Virgin: Prelude To The Throne
Maxwell, in her third novel of the Virgin Queen, illustrates in detail a frequently glossed-over episode in the life of the Tudor monarch: the romantic pursuit of the young princess by her stepmother’s husband, Thomas Seymour. At thirteen, Elizabeth has been re-granted her royal title with no small help from her father’s sixth wife, Catherine Parr, now Queen Dowager. A dangerous undercurrent of attraction, one not unnoticed by the pregnant Catherine, develops between the princess and Seymour, and their flirtation follows a swift, logical course until it reaches a shocking conclusion.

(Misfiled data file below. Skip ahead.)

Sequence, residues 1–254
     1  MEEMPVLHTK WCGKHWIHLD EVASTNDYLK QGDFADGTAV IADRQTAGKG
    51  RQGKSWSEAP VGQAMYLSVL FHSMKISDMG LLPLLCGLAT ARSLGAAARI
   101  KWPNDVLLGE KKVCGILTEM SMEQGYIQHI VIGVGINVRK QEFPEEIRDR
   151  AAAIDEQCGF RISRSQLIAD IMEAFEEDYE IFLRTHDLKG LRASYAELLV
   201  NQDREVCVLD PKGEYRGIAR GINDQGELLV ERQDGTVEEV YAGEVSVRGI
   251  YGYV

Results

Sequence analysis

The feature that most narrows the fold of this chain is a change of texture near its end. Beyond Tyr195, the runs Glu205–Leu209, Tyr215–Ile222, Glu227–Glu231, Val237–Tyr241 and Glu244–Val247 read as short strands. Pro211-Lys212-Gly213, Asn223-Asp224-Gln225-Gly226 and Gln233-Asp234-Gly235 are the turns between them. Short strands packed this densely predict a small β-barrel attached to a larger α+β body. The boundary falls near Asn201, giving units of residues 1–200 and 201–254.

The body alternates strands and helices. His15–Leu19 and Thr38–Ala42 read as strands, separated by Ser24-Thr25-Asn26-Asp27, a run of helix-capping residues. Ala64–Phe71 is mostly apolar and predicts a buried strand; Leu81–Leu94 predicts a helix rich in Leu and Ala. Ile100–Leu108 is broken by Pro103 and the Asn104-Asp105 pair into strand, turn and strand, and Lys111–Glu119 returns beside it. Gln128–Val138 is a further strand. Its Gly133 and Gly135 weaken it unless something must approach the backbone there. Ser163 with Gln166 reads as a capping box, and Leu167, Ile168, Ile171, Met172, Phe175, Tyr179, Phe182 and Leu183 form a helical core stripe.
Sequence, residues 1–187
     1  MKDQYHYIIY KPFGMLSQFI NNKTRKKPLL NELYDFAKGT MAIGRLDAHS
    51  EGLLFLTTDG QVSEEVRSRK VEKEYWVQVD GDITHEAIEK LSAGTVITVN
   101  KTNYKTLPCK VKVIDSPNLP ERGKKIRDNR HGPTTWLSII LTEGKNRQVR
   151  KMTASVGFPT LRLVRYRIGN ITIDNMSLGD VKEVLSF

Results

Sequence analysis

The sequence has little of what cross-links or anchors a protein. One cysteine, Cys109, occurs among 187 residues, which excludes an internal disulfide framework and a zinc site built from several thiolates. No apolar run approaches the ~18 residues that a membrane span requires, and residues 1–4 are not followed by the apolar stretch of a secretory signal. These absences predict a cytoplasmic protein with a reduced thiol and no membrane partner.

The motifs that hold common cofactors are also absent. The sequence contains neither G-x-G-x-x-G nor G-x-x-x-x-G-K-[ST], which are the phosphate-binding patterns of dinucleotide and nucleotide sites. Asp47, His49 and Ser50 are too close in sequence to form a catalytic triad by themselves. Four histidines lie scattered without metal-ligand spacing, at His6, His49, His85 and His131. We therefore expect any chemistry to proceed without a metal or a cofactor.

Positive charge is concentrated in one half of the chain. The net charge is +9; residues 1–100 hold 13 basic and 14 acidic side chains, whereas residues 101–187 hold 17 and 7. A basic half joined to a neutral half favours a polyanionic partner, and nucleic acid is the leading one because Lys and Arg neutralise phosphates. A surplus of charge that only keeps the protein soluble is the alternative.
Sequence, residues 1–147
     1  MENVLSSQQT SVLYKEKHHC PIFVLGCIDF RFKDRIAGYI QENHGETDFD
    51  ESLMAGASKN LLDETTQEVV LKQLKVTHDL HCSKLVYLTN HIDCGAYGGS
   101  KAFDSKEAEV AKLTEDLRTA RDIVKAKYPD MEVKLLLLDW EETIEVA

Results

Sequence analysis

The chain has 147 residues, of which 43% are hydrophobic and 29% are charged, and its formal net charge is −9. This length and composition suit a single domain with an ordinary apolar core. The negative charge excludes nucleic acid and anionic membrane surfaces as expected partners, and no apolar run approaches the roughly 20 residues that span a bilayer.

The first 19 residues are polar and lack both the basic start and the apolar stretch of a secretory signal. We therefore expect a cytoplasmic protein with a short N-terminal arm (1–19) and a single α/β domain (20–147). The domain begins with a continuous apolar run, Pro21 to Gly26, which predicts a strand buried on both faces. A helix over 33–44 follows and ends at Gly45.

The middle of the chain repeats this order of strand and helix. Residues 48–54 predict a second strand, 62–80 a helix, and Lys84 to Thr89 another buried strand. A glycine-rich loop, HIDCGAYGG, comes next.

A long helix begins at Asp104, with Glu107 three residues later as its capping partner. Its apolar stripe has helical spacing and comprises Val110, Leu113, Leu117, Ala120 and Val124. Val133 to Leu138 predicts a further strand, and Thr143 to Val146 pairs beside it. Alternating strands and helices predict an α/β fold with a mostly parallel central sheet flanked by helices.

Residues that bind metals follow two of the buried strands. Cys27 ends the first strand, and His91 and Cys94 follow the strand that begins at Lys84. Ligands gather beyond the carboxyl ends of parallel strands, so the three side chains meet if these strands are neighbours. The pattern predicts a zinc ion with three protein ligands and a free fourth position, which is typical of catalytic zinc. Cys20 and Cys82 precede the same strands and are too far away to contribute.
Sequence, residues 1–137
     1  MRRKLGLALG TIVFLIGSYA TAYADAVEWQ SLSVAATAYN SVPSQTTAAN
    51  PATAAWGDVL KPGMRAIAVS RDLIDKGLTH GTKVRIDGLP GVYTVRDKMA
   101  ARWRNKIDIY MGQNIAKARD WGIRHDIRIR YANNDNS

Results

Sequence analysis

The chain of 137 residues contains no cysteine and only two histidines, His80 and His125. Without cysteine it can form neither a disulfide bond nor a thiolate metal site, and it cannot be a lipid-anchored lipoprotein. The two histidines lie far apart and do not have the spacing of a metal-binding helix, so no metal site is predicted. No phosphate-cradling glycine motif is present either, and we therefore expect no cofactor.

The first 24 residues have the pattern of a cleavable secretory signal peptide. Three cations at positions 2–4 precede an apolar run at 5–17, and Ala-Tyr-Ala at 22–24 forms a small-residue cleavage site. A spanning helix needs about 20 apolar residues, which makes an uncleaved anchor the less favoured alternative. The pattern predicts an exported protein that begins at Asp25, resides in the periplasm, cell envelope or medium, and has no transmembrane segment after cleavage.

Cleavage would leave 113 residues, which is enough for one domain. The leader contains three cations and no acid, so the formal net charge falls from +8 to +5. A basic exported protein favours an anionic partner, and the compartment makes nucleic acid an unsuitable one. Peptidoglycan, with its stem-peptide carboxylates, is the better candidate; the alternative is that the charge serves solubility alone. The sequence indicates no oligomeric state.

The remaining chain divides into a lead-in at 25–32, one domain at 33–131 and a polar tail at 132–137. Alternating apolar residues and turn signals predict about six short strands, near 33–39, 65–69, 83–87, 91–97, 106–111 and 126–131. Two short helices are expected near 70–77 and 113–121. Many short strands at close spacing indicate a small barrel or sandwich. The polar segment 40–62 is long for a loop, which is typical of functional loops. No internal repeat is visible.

In many ways a typical teenager, Elizabeth’s infatuation with Seymour makes her occasionally forget her loyalty to Catherine and her own royal position. The twist to this well-known story is in the character of Seymour. Although his handsome physique and gallant manners tend to blind people to his faults, he can’t completely conceal either his unscrupulous nature or his underlying ambition to claim the power behind the throne in any way possible. Maxwell, finding gaps in the historical record, has formulated her own explanations of both Elizabeth’s and Catherine’s behavior. Given her interpretations, all of which seem historically plausible, one can easily imagine Elizabeth’s later refusal to marry.